The first of Red Rum's Grand National wins came in 1973. That was the year that another horse in the race called 'Crisp' looked to have an unassailable lead as he was almost 20 lengths clear of Red Rum as they jumped the last fence. It is to Rummies great credit and sheer determination that he gradually ate into that enormous lead and managed to force his head in front just yards from the winning line.
Twelve months later, back at the scene of his famous victory, Red Rum did what only two horses had ever managed to do in the National's rich and glorious history...He did the almost impossible, and won the race for a second consecutive time, with Brian Fletcher doing the steering. This was the beginning of the Nations love affair with Red Rum, the likes of which are only bestowed upon a chosen few.
In 1975 he met the twice Gold Cup winner L'Escargot and had to give him 11lbs. However he was still in front at the last, but the ground was very soft that day and Red Rum hated the ground, so with combination of giving weight away and the soft ground to contend with he had to give best to L'Escargot, still managing to run a very respectable second.
In 1976 he took on another top class horse by the name of Rag Trade, and again having to carry top weight for the third successive year he found the task of giving the winner a 12lb weight advantage beyond him. Although he never gave up and closed in on him up the straight he was again destined to finish a gallant second.
A year later, 1977 and Red Rum, already twice a winner, was now starting to get a little older. He was now 12 years old and many racing pundits and experts believed that Red Rum had gone to the well once to often and really had little or no chance this time round. Still having to carry the heaviest weight of any horse in the race due to his recent exploits, Red Rum took the lead shortly after Becher's Brook and strode away to win by an incredible 25 lengths from Churchtown Boy. This feat of sheer skill, determination and guts ensured Red Rums place in the Nations hearts, becoming a National hero and a household name overnight.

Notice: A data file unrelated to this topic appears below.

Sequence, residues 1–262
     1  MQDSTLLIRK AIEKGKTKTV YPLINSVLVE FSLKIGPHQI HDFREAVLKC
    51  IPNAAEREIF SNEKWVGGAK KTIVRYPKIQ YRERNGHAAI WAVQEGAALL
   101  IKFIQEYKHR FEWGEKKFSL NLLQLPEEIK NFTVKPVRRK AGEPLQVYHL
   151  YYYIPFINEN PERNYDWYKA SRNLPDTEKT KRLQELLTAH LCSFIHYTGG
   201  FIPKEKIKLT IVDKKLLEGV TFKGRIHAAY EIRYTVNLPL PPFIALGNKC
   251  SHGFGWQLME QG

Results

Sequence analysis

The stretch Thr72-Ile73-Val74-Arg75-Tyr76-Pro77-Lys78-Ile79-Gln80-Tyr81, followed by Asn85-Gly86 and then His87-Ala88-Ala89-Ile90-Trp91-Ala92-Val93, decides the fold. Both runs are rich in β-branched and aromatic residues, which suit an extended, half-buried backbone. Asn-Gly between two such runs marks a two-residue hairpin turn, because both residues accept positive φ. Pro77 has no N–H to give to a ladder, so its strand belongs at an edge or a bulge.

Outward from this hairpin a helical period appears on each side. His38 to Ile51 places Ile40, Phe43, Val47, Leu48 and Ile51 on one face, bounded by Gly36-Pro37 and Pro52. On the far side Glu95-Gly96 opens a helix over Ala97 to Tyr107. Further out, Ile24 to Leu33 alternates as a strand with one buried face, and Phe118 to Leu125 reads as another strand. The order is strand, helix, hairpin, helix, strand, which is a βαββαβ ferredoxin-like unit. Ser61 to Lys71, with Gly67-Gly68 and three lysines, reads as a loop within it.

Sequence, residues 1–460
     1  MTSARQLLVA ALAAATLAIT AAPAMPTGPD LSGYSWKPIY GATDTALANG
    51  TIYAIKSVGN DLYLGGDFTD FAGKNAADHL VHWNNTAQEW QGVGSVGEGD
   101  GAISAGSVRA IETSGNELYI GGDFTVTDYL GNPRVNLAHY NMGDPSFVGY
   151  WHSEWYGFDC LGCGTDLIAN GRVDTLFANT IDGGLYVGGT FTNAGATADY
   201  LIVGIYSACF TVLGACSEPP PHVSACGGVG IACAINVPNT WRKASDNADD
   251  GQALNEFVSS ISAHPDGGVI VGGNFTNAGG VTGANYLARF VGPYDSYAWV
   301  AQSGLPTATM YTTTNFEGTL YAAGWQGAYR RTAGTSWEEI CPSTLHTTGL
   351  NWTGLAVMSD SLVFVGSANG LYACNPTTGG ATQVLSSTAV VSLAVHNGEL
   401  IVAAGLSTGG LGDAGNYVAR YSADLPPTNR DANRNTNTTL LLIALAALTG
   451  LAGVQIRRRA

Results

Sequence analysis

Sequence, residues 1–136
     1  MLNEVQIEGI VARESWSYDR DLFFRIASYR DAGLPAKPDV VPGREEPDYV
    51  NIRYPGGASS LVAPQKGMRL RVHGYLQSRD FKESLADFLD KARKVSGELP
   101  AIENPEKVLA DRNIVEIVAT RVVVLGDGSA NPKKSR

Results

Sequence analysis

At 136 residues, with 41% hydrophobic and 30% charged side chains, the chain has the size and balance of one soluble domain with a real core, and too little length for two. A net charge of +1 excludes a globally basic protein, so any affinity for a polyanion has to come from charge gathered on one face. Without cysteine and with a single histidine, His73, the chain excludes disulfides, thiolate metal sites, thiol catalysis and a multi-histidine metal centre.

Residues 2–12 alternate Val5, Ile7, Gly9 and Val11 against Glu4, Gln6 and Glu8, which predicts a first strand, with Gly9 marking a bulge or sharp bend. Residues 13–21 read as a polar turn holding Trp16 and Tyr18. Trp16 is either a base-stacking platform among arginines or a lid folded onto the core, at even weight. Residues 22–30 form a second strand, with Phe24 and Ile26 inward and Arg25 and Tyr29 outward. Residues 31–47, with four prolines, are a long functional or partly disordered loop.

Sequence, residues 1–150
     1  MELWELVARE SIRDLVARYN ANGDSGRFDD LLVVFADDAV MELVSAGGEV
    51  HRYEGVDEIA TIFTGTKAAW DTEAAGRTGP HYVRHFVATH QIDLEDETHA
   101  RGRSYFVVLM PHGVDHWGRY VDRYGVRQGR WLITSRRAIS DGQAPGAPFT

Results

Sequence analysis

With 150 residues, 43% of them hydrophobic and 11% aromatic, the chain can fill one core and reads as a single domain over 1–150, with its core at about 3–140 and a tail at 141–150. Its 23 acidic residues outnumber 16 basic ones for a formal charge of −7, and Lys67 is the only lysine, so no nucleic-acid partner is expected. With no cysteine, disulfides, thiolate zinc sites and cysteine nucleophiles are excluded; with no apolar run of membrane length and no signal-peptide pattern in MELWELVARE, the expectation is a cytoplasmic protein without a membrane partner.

Red Rum turned up for the next three years in an attempt to win his fourth National, but on each occasion was found to be lame before the start of the races, and being the grand age of fifteen, connections had to admit the inevitable, that Red Rum was now feeling his age and could no longer take part in a race that he had virtually made his own, and sadly retired him.
This was not the end for Red Rum however. He now had a second life where he would lead the Grand National Parade well into the 1990's. He also attended opening ceremonies, drawing in vast crowds all eager to catch a glimpse of the 'wonder horse'. He even appeared on the BBC Sports personality of the year award.
Red Rum died on October 18th, 1995 at the grand old age of thirty. His place in the history of the Grand National and of the Aintree racecourse will live on for ever, and a statue was built in his honour at the course. He was also given the honour of having his final resting place in one of his favourite places, and today he lays buried under the Aintree soil, with his head facing the winning post, much like he did in life. A fitting tribute indeed, to the Nation that held him so dear in their hearts!
Summary: A racing extravaganza of gargantuan proportions.